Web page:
Scotland is rugby’s biggest poacher
Scotland is the biggest poacher of foreign-born rugby talent.
Oft-maligned New Zealand ranks below the entire British Isles, Ireland, Italy and even Australia when it comes to the number of foreign-born players trundled out since the game went professional in 1996.
Those are the findings of Dr Hautahi Kingi, a US-based Kiwi economist and statistician who has analysed the birth places of nearly every player to have debuted since 1996 for a top 10 ranked rugby nation.
Kingi shared his findings – which debunk many of the long-held preconceptions around player ‘poaching’ in international rugby – with Newsroom.
His full analysis can be found here on his blog hautahi.com.
His findings include:
- Of the 176 players who have debuted for Scotland since 1996, an incredible 79 (44.9 percent) were born outside of Scotland.
- Italy (59/134) has the next highest number of foreign-born players, followed by England (44), then Ireland and Australia, tied on 43.
- New Zealand has fielded just 29 foreign-born debutants out of a total of 196 in the professional era.
- Argentina has capped the most debutants since 1996 (294), but still has the lowest number of foreigners (4).
- In a rare case of South Africa being able to claim a moral high ground, the Springboks have fielded just 10 foreign debutants out of 210 over the period analysed.
Kingi’s analysis also debunks the myth that New Zealand is a rapacious plunderer of Pacific Island talent.
New Zealand does in fact field more Pacific Island-born players than any other top 10 nation (excluding the Pacific Nations themselves, obviously).
Since 1996, just three nations - New Zealand (21), Australia (13) and England (4) - have debuted more than two players born in either Samoa, Tonga or Fiji. But comparing those numbers with Pacific population bases in each country tells a different story, as Dr Kingi explains.
“2.8 percent of the New Zealand population were born in the Pacific Islands, compared to just 0.5 percent in Australia and less than 0.1 percent in England,” Kingi notes. “Pacific athletes are wonderful rugby players, and it is unsurprising that they are over-represented in all these teams. However, the extent to which they are over-represented differs markedly across teams. While New Zealand has four times more Pacific born players than would be expected given the population, Australia has 16 times more, and England a whopping 162 times more.”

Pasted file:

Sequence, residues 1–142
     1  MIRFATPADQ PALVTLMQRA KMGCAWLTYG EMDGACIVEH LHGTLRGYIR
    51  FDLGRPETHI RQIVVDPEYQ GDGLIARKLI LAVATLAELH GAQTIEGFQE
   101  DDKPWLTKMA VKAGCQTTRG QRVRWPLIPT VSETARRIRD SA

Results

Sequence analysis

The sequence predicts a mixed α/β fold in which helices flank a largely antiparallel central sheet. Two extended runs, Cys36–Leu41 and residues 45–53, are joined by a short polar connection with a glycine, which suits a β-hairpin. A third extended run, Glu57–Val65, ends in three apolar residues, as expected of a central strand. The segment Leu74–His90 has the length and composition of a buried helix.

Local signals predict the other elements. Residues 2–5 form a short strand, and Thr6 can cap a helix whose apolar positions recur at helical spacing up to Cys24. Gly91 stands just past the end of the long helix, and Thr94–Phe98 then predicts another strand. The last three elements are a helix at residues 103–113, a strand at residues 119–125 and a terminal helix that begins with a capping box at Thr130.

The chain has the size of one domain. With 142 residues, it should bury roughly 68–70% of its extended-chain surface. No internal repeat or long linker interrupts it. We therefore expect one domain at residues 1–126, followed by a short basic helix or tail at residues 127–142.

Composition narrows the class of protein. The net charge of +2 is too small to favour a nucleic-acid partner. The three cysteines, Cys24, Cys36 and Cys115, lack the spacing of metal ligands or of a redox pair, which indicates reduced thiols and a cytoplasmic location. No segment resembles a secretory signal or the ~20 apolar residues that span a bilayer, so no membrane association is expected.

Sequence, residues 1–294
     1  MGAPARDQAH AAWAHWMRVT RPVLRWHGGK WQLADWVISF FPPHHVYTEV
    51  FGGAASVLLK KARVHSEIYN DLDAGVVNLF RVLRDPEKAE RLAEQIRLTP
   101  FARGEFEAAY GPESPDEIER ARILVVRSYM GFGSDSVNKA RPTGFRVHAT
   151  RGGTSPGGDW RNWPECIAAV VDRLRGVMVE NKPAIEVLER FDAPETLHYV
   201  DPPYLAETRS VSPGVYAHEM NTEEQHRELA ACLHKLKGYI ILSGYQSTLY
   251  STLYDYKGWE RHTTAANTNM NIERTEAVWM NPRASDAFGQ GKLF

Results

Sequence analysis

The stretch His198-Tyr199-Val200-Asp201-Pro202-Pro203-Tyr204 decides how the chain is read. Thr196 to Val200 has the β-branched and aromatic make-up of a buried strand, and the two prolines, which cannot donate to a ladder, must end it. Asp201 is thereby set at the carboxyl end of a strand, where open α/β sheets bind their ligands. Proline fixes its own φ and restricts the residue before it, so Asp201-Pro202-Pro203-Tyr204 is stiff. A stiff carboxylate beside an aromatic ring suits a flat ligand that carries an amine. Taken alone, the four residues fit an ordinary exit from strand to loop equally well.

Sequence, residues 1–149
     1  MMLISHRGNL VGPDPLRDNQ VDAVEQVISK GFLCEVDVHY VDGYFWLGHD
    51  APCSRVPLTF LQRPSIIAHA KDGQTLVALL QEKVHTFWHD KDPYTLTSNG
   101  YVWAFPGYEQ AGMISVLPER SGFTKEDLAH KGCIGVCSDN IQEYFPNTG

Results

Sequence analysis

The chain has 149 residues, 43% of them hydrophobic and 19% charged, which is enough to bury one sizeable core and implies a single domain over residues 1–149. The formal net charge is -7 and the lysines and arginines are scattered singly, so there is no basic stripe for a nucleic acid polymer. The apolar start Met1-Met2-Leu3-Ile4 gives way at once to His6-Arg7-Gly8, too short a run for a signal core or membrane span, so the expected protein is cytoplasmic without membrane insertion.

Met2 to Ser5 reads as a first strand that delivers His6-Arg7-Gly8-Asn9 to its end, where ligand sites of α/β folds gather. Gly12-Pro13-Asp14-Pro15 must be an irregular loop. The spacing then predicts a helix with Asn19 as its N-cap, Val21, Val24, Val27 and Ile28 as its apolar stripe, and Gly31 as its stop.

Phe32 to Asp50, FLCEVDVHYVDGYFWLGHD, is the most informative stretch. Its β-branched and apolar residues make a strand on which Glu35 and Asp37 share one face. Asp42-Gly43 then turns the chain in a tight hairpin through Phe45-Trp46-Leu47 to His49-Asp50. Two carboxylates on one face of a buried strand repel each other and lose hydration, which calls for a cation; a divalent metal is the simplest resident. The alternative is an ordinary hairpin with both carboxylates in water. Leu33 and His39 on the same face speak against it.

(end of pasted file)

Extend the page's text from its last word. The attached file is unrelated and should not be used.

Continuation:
Fascinatingly, Kingi’s dataset even speaks to the effectiveness of foreign-born players (as points scorers, at least) versus native players.
Overall, foreigners score more tries than their native counterparts. The foreign-born All Blacks, for example, average 6.1 tries per player while New Zealand native All Blacks average 4.8. That trend holds up for seven of the 10 countries analysed. The most notable exception is England, whose foreign recruits average just 1.5 tries compared to the 3.1 tries of home-grown players. England’s foreigners also don’t tend to last, with the foreigners playing just 13.8 matches each on average compared to 21.4 matches for native players. That ratio is by far and away the lowest of the data set. In Wales, for example, foreigners actually play more matches (24.2) than Welsh-born players (23.3).
Those figures appear to raise the question as to the effectiveness of England’s foreign recruitment.
One finding that won’t shock anyone is that New Zealand is confirmed as the largest exporter of international rugby talent.
Kingi uncovered 227 New Zealanders who have played for another country since 1996. The next largest exporter is England with 95 players. Samoa, Tonga and Fiji have together contributed 63 players to top 10 nations.
“Notable absences include Scotland, Ireland and Wales, which have provided fewer than seven players each to other countries, despite having had the services of 162 foreign-born players combined,” Kingi notes.
When it comes to international rugby, as the below graph demonstrates, New Zealand is very much a giver rather than a taker.
Newsroom is powered by the generosity of readers like you, who support our mission to produce fearless, independent and provocative journalism.